Please Note: This article is written for users of the following Microsoft Excel versions: 2007, 2010, 2013, and 2016. If you are using an earlier version (Excel 2003 or earlier), this tip may not work for you. For a version of this tip written specifically for earlier versions of Excel, click here: Setting Row Height.

Setting Row Height

by Allen Wyatt
(last updated August 27, 2016)

2

Excel normally sets the height of rows within your worksheet to reflect the size of the largest font used on the row. You can, however, adjust the height of the row to any size desired. For instance, you might want to add additional space before a row. Rather than insert a blank row, you can increase the height of the row so it has blank space before it.

The easiest method for adjusting row height is to use the mouse. All you need to do is move the mouse pointer into the row header area (the gray area at the left of the row). When you move the pointer so it is over a dividing line between rows, it changes shape to a double-headed arrow. When the mouse pointer is this shape, you can click on the left mouse button, hold it down, and drag the border to a new position. When you release the mouse button, the row is resized to the new height.

You can also adjust row height in this manner:

  1. Select any cell in the row you want to adjust. If you select a cell range that includes cells in multiple rows, you can adjust the row height for more than one row at a time.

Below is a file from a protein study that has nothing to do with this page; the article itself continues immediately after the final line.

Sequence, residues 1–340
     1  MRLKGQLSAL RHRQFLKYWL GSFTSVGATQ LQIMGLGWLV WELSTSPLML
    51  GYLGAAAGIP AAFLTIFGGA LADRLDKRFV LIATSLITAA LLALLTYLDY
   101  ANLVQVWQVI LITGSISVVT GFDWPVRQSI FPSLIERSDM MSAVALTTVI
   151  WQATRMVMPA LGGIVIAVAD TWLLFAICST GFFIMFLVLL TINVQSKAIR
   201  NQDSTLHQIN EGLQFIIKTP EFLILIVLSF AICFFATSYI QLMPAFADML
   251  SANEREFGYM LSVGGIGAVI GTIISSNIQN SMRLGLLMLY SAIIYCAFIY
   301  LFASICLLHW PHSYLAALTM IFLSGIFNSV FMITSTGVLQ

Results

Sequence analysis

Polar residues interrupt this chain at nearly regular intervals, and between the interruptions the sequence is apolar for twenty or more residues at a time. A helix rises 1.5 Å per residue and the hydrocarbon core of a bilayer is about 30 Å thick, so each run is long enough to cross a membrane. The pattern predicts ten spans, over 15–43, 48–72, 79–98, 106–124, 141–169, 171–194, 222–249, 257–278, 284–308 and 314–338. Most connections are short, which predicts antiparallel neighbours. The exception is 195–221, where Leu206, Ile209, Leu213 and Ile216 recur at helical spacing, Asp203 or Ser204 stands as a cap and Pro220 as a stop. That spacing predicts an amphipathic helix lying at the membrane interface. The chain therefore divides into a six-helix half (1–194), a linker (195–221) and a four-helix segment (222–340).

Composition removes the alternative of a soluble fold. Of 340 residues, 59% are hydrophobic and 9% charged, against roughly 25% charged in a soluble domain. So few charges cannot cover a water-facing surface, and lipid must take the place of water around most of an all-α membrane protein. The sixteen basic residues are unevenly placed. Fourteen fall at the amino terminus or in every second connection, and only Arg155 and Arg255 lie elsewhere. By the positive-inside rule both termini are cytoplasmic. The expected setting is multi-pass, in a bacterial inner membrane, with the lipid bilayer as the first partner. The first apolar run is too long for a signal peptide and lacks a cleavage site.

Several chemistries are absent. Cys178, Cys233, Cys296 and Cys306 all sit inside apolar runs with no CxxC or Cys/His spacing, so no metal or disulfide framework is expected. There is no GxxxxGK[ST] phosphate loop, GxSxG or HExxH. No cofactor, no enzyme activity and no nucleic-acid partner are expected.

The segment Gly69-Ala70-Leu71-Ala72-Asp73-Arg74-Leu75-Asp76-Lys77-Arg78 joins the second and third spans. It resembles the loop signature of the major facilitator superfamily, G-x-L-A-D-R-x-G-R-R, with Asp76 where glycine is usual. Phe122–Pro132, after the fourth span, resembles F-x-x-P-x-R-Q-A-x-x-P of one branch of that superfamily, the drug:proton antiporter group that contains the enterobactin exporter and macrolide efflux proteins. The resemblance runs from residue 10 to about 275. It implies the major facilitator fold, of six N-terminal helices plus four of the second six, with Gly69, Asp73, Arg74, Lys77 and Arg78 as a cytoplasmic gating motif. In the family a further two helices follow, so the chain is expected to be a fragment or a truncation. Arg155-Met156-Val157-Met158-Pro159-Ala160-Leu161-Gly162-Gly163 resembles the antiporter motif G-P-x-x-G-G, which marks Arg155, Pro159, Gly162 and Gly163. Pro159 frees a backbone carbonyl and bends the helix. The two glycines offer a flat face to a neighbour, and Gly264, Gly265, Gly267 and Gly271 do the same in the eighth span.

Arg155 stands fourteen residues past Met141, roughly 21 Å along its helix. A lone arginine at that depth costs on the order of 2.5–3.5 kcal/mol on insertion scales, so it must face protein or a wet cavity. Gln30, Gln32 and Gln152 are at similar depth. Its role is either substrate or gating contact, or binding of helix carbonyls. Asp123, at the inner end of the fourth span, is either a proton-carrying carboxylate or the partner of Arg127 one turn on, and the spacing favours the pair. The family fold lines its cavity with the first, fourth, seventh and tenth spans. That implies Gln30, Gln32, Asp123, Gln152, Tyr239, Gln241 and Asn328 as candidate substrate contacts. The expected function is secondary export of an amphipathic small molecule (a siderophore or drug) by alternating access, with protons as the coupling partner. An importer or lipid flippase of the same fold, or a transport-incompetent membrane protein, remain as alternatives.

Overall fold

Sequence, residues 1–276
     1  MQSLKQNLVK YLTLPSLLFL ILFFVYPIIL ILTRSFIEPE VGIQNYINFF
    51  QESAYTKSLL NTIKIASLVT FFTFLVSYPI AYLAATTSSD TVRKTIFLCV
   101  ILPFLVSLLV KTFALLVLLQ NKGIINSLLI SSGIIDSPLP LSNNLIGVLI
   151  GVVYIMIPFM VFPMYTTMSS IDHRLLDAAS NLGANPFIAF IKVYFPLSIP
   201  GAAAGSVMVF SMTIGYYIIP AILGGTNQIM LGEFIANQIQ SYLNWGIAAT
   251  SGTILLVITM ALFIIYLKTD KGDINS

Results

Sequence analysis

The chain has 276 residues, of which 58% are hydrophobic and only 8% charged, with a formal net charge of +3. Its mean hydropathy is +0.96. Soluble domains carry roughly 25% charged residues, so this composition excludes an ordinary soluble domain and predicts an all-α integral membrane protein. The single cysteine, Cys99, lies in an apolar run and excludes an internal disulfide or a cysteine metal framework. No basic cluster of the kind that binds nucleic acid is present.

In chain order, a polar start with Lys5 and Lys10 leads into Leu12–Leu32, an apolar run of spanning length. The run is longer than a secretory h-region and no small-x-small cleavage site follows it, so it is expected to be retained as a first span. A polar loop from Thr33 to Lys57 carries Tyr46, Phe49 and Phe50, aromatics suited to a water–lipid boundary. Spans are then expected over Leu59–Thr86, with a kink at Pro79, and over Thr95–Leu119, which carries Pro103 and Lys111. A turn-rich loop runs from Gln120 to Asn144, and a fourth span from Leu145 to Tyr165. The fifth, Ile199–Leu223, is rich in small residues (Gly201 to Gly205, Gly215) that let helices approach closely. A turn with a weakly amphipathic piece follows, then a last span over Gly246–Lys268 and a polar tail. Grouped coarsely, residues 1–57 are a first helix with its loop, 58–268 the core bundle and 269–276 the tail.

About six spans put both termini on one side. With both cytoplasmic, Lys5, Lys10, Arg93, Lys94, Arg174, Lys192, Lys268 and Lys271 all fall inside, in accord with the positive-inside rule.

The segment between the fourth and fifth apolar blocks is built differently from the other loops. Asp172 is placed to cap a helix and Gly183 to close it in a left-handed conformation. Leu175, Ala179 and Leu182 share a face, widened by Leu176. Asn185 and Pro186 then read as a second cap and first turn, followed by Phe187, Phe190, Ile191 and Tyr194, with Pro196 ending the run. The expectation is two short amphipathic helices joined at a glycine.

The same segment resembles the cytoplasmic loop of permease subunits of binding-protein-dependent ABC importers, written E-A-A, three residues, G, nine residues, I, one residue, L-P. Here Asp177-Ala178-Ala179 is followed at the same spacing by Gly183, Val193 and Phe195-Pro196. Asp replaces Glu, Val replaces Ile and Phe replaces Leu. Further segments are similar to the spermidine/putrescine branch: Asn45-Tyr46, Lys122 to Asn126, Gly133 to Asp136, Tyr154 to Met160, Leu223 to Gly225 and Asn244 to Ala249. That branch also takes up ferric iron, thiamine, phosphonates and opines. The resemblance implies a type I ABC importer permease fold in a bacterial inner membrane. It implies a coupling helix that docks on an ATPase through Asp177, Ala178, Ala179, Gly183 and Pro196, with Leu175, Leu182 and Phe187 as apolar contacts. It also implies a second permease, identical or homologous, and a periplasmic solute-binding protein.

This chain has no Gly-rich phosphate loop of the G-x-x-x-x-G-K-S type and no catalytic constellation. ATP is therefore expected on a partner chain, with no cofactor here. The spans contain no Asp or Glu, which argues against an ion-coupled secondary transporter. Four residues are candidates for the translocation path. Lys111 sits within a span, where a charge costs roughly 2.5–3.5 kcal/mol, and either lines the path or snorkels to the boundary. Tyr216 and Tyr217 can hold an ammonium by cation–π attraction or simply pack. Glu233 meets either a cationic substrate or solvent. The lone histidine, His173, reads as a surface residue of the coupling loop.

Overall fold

2. Display the Home tab of the ribbon.
  3. In the Cells group, click Format. Excel displays a selection of choices.
  4. Click Row Height. Excel displays the Row Height dialog box. (See Figure 1.)
  5. Figure 1. The Row Height dialog box.

  6. Adjust the value in the dialog box to reflect the desired row height.
  7. Click on OK.

The value shown in the dialog box (step 5) represents the current height of the selected row, in points. A point is equal to approximately 1/72 inch; it is the measurement unit used for fonts.

A third way to change the row height is a mash-up of the two presented already. Move the mouse pointer into the row header area (the gray area at the left of the row). Right-click and you'll see a Context menu appear. From the Context menu choose the Row Height option, and Excel displays the Row Height dialog box previously discussed.

ExcelTips is your source for cost-effective Microsoft Excel training. This tip (6293) applies to Microsoft Excel 2007, 2010, 2013, and 2016. You can find a version of this tip for the older menu interface of Excel here: Setting Row Height.

Author Bio

Allen Wyatt

With more than 50 non-fiction books and numerous magazine articles to his credit, Allen Wyatt is an internationally recognized author. He  is president of Sharon Parq Associates, a computer and publishing services company. ...

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What is three more than 8?

2016-08-29 17:42:17

Peter

Chuck's tip is a big time saver. You can also save time by selecting multiple row or column headers and then drag the row or column separator (the double arrow) of any of the selected headers to the desired height or width. All selected rows or columns will receive the associated height or width.
If you doubleclick the row/column separator of any of multiple selected headers all rows or columns will get the exactly the height or width of the longest value in each row or column.


2016-08-29 08:05:41

Chuck

One I use often if you want to resize so all the contents of the cell are visible is to move the cursor to the double arrow on either the row or column heading and double click.


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